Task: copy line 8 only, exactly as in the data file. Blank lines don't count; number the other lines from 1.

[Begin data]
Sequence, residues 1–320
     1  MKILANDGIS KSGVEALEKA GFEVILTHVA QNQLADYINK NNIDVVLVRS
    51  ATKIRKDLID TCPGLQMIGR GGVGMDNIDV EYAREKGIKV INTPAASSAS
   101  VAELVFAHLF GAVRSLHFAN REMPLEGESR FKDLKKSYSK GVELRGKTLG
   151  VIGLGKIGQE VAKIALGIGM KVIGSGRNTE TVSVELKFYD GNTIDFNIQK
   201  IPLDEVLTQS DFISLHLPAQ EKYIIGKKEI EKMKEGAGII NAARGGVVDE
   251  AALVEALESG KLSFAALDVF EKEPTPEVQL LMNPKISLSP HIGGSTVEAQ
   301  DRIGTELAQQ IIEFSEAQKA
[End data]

   301  DRIGTELAQQ IIEFSEAQKA